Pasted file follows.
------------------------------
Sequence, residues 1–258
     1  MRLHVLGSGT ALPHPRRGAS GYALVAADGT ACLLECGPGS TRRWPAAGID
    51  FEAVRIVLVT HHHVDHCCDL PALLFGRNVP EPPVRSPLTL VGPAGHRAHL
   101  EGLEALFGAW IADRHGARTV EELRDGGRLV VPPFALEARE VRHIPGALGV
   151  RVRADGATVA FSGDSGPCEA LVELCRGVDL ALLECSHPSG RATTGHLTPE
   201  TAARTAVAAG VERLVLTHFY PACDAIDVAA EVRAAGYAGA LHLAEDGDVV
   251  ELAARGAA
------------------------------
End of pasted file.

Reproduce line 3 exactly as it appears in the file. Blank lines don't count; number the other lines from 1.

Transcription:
    51  FEAVRIVLVT HHHVDHCCDL PALLFGRNVP EPPVRSPLTL VGPAGHRAHL